Author: Sean O’Grady
Sometimes, given his near pathological approach to migration, you might be forgiven for thinking that Donald Trump’s forbears came over to America from Plymouth with the pilgrim fathers on the Mayflower in 1620.
They didn’t, and the 45th president of the United States has German grandparents, Scottish mother, Czech first wife, Slovenian (current) wife and shows no reluctance in using “chain” familial migration rules to grant his father and mother-in-law United States citizenship.
None of this is reprehensible. America has been built on migration form every possible corner of the world and across many centuries, though not all landed willingly. What is remarkable about Mr Trump is his hypocrisy. While the first lady’s parents encountered little difficulty in taking their citizenship in a private ceremony, members of his own administration were obstructing justice and breaking the law. A federal judge in Washington ordered that a plane be turned round when he was informed that a deportation was in progress before the case had been adjudged.
He threatened, too, to hold the attorney general of the United States, Jeff Sessions, in contempt of court. It is hardly the greatest of the judicial tribulations of the Trump administration, but it is embarrassing, and highlights how migration policies across the West lie in disarray.
In America, all that the Trump administration has managed to achieve thus far is to – literally – cage children and criminalise their parents. The famous wall that was supposed to stop refugees from Latin America’s poverty and narco-wars remains unbuilt, and as flawed a concept as ever. The effective withdrawal of the US from the Nafta trade agreement means that there is less chance that living standards and incomes south of the Rio Grande will rise towards those prevailing in the US and Canada – thus merely adding to the economic incentives to attempt to settle in the US.
It is a global phenomenon. In Australia, like America a land of immigrants, only the most lethal action by the Royal Australian Navy and the dumping of migrants in unsuitable colonies in Cambodia and Papua New Guinea has seen the flood of humanity subside.
Much the same applies to Europe. The reason why 1 million Syrian refugees settled in Europe, mostly in Germany and Sweden, was not that there was suddenly some rush to claim benefits in Munich or Stockholm, but because, again, violence, civil wars, oppression and grinding poverty has pushed desperate people to desperate measures. In fact, as is so rarely acknowledged, nations such as Jordan, Turkey and Lebanon have carried a much heavier burden from the wars in Syria and Iraq than have the Western powers put together, just as Mexico has become home to many form El Salvador, Guatemala, Colombia and elsewhere.
For the British, the looming reality of Brexit offers little scope for optimism. Having relied on migrants to build the economy, do the dirty jobs and staff the public services almost continually since the end of the Second World War, the UK will shortly be in the unaccustomed position of attempting to design a comprehensive immigration policy from scratch. With the containing uncertainty of Brexit, this is a poor state of preparedness. Indeed, the Windrush scandal demonstrated how imperfect the rules, and their application, were in the past. Now the British government cannot offer EU citizens making a life in the UK much clear idea of their future. Will they be able to claim tax credits? Will they be able to use the NHS (even if they work in it)? Will they be able to bring in family members? If so, under what rules?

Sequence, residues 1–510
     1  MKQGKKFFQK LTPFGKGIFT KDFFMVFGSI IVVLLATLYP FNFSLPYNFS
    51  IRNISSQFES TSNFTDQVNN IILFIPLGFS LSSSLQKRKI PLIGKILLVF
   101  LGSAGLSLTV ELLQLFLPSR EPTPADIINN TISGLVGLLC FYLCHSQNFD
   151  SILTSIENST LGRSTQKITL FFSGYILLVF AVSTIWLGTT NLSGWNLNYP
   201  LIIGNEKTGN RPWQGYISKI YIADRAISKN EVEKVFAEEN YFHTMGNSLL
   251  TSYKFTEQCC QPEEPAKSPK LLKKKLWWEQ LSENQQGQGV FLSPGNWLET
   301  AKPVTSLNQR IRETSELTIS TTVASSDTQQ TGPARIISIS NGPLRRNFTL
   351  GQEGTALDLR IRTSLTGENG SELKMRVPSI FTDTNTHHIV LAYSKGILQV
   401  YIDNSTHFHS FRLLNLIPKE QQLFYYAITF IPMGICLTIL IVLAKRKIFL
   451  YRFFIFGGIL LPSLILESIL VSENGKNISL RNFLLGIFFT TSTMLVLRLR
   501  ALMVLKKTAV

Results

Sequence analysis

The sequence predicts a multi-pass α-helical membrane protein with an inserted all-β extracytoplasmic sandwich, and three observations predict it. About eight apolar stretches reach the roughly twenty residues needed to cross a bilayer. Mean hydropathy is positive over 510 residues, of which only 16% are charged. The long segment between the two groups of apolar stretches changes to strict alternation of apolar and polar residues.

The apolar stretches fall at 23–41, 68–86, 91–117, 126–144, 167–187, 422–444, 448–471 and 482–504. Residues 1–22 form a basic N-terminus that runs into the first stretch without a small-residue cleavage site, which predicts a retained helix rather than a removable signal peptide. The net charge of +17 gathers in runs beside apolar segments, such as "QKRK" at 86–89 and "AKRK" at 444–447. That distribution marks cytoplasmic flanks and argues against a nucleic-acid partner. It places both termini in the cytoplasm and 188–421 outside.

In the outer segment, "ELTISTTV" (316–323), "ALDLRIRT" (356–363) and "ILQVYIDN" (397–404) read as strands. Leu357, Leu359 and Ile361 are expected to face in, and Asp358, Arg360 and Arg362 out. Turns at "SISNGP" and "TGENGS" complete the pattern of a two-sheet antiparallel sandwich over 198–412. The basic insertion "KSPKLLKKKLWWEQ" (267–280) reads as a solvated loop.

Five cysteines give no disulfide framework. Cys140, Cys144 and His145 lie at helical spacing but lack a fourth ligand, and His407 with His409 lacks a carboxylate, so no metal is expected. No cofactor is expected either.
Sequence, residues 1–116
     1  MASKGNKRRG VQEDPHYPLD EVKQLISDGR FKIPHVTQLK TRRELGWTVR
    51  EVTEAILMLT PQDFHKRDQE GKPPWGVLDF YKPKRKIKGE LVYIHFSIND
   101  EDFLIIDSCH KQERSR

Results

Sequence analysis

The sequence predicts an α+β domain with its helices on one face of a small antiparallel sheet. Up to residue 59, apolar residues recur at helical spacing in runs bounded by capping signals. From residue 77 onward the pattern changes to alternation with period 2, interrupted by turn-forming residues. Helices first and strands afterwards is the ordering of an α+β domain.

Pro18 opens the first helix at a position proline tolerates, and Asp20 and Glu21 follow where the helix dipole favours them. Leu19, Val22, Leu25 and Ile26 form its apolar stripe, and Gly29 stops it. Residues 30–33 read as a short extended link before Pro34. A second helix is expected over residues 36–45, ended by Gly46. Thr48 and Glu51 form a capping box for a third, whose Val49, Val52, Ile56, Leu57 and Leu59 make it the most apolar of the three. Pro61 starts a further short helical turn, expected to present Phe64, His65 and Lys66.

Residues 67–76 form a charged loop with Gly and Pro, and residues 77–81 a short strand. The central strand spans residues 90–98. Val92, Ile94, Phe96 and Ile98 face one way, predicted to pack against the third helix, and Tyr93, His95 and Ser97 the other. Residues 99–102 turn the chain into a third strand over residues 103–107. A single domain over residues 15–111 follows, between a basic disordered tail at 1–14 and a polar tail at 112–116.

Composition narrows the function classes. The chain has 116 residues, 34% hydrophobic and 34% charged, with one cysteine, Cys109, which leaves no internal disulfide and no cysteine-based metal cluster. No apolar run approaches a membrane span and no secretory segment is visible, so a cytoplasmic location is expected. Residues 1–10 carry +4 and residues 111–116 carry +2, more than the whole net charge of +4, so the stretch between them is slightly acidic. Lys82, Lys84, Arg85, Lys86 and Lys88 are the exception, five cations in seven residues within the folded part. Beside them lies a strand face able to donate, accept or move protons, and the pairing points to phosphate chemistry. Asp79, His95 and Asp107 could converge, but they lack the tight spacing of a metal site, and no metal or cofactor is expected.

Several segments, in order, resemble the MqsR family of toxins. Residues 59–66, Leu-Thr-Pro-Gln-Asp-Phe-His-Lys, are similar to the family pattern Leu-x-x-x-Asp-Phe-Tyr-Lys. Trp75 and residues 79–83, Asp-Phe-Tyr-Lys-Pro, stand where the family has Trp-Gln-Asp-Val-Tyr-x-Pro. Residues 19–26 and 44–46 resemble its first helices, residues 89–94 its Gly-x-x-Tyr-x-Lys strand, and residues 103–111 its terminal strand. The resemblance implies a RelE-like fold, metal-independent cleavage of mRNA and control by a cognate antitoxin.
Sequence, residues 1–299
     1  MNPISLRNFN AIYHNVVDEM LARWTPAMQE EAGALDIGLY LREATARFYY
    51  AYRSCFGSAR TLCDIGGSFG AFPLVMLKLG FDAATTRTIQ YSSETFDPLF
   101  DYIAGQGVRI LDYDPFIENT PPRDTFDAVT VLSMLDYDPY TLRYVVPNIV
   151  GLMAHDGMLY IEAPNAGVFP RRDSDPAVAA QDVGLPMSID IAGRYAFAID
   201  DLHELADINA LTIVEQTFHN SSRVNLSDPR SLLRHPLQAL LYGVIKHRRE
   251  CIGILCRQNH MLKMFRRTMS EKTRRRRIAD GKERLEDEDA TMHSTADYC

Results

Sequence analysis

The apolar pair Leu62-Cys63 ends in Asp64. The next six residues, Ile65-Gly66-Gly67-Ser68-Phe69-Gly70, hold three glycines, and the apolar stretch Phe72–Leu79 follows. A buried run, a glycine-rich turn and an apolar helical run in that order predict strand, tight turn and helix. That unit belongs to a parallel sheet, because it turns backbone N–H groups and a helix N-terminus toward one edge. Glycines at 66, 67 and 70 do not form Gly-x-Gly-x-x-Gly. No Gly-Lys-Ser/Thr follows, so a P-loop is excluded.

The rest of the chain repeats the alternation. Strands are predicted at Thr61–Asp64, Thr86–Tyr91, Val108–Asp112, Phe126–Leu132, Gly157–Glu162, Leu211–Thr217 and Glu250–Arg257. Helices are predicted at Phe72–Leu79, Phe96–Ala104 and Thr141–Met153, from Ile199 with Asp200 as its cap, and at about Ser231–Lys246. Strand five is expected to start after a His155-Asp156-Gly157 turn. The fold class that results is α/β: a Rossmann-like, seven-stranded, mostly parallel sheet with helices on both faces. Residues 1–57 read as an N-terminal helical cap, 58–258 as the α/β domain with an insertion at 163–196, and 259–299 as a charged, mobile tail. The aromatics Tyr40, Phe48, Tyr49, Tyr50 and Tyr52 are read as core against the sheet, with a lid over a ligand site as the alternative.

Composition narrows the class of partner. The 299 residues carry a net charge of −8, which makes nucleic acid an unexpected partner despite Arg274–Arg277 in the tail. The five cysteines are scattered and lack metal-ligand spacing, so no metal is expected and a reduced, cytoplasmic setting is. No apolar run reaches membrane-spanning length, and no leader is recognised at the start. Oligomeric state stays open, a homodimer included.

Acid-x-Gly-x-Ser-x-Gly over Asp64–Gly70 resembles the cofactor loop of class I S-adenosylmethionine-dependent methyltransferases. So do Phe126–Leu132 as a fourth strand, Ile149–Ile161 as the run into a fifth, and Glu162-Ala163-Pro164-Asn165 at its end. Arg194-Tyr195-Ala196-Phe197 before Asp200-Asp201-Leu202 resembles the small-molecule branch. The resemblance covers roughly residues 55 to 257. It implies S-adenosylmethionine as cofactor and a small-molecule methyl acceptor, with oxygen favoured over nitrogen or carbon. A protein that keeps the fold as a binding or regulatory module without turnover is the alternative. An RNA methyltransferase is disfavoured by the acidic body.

The Confederation of British Industry is the latest, and most important, body to try and inject some sense into the debate; they speak for big business, yes, but many smaller businesses too, especially in agriculture and horticulture, depend on EU labour to bring in the crops and process them. The CBI suggest a liberal approach to new work permits, and the abandonment of the tried and failed system of “caps” or targets on net migration. These, it may be recalled, were promised before his first election as prime minister in 2010 by David Cameron as a “no ifs, no buts” pledge to his core supporters that the figures would be in the “tens of thousands”. Even with Theresa May at the Home Office pursuing her “hostile environment” strategy the figures remained in the hundreds of thousands, precisely as Mr Cameron has pledged they wouldn’t.
The policy has collapsed because it is utterly economically unrealistic. It is time to recognise that migration is good for the economy and, indeed, is one of the few ways the British can make their economy competitive enough to sustain the self-inflicted predations of Brexit. It is the ultimate irony of the EU referendum.
It is often said that political leadership across the west on immigration has been lacking, and it is true. Its absence has left voters confused and fearful, and, prospectively, much the poorer. Yet the fate of Angela Merkel in Germany provides a cautionary note. She has managed to stay in office despite a radically humanitarian policy, and one that will, in the longer run, further strengthen Germany’s powerhouse economy by fixing its demographic decline.
In the decades to come, Europe may be able to compare the shifting fortunes of the UK and Germany as a kind of real-time experiment. History, recent experience and common sense suggest that the countries who favour a sensible approach to migration will fare better than those who try to close the door on the world.